Endianness is the order of the bytes in multi-byte data types, such as int or float. It may vary from processor to processor, and even from operating system to operating system. Detecting the correct endianness is difficult for several reasons:

  • Bi-endianness: Some processors support multiple endian modes, even to the extent of allowing dynamically changing between big and little-endian.
  • Middle-endianness: The two most common types of endianness are byte-swapped big-endian (ABCD) and byte-swapped little-endian (DCBA), but some older processors use other types. For instance, PDP-11 used word-swapped little-endian (BADC), and Honeywell 316 used word-swapped big-endian (CDAB).
  • Integer vs floating-point: Some processors use a different endian model for integers versus floating-point values.
  • Processor vs operating system: Most operating systems follow the endianness of the underlying hardware, but some (e.g. VOS) retain their historic big-endian environment even when ported to little-endian processors.


Some compilers or system headers provide macros to determine endianness, but they are difficult to use correctly, so we suggest that you follow this prioritized list of advice:

  • Avoid endianness whenever possible.
  • Use endian-neutral code (see example below.)
  • Use existing conversion functions, such as htons() to convert between network byte-order and the native byte-order of the processor.
  • Detect endianness at run-time (see example below.)
  • Detect endianness at configuration-time, for example by using the Autoconf AC_C_BIGENDIAN feature. While this method works well when the same platform is used to build and host (execute) the package, you must take care when using autoconf in a cross-development environment, as the endianness of the build and host platforms may not be identical.
  • Detect endianness at compile-time. There are several options:
    • Use system header.
    • Use pre-defined endian macros.
    • Use pre-defined processor macros.

Endian-neutral code

When endianness is needed for (de)marshalling binary data, you can write endian-neutral conversion as follows. Please notice that the code assume that the exchange format is big-endian (network byte-order). These functions can easily be adapted to other integer types, simply by changing the type at the /* Type */ comments.

#include <limits.h>

/* Type */ unsigned int
endian_native_unsigned_int(/* Type */ unsigned int net_number)
  /* Type */ unsigned int result = 0;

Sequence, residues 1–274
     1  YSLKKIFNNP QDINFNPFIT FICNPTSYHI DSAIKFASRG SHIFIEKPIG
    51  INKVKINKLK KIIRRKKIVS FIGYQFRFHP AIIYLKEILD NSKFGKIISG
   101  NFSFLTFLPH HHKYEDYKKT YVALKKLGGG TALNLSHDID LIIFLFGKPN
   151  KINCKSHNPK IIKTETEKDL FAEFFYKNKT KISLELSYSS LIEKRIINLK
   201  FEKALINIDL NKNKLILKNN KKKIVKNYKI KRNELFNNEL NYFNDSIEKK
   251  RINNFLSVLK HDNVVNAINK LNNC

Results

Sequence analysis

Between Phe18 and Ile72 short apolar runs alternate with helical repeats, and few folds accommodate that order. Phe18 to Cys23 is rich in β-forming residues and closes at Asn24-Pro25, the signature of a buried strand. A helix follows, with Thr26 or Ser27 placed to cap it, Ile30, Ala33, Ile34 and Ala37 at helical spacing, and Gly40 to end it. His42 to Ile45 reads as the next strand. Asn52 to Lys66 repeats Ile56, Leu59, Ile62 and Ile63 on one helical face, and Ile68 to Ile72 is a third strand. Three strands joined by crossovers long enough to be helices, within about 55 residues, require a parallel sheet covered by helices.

int i;

  for (i = 0; i < (int)sizeof(result); i++) {
    result <<= CHAR_BIT;
    result += (((unsigned char *)&net_number)[i] & UCHAR_MAX);
  return result;

/* Type */ unsigned int
endian_net_unsigned_int(/* Type */ unsigned int native_number)
  /* Type */ unsigned int result = 0;
  int i;

  for (i = (int)sizeof(result) - 1; i >= 0; i--) {
    ((unsigned char *)&result)[i] = native_number & UCHAR_MAX;
    native_number >>= CHAR_BIT;
  return result;

Detect endianness at run-time

#include <stdint.h>

enum {
  ENDIAN_BIG_WORD,   /* Middle-endian, Honeywell 316 style */
  ENDIAN_LITTLE_WORD /* Middle-endian, PDP-11 style */

int endianness(void)
  uint32_t value;
  uint8_t *buffer = (uint8_t *)&value;

  buffer[0] = 0x00;
  buffer[1] = 0x01;
  buffer[2] = 0x02;
  buffer[3] = 0x03;

  switch (value)
  case UINT32_C(0x00010203): return ENDIAN_BIG;
  case UINT32_C(0x03020100): return ENDIAN_LITTLE;
  case UINT32_C(0x02030001): return ENDIAN_BIG_WORD;
  case UINT32_C(0x01000302): return ENDIAN_LITTLE_WORD;
  default:                   return ENDIAN_UNKNOWN;

The example above uses exact-width integer types. These types are optional if the underlying hardware does not support them. In that case the example will fail to compile. If you want the example to work in this case too, we suggest that you use the corresponding minimum-width integer types, e.g. uint_least8_t and uint_least32_t, and return ENDIAN_UNKNOWN if sizeof(uint_least8_t) != 1 and sizeof(uint_least32_t) != 4.

Detect endianness at compile-time

Please notice that the follow list of macros is not exhaustive.

System headers

Some compilers or system headers provide macros to specify endianness. Unfortunately, there is no standard for the names of the macros or even of the header files. Many operating systems contains the following macros in <sys/param.h>. Operating systems that use the GNU C library generally provide a header named <endian.h> containing these macros.

Type Macro Value
Little endian (word-swapped) __BYTE_ORDER __PDP_ENDIAN
Pre-defined endian macros
Type Macro
Big endian __BIG_ENDIAN__
Little endian __LITTLE_ENDIAN__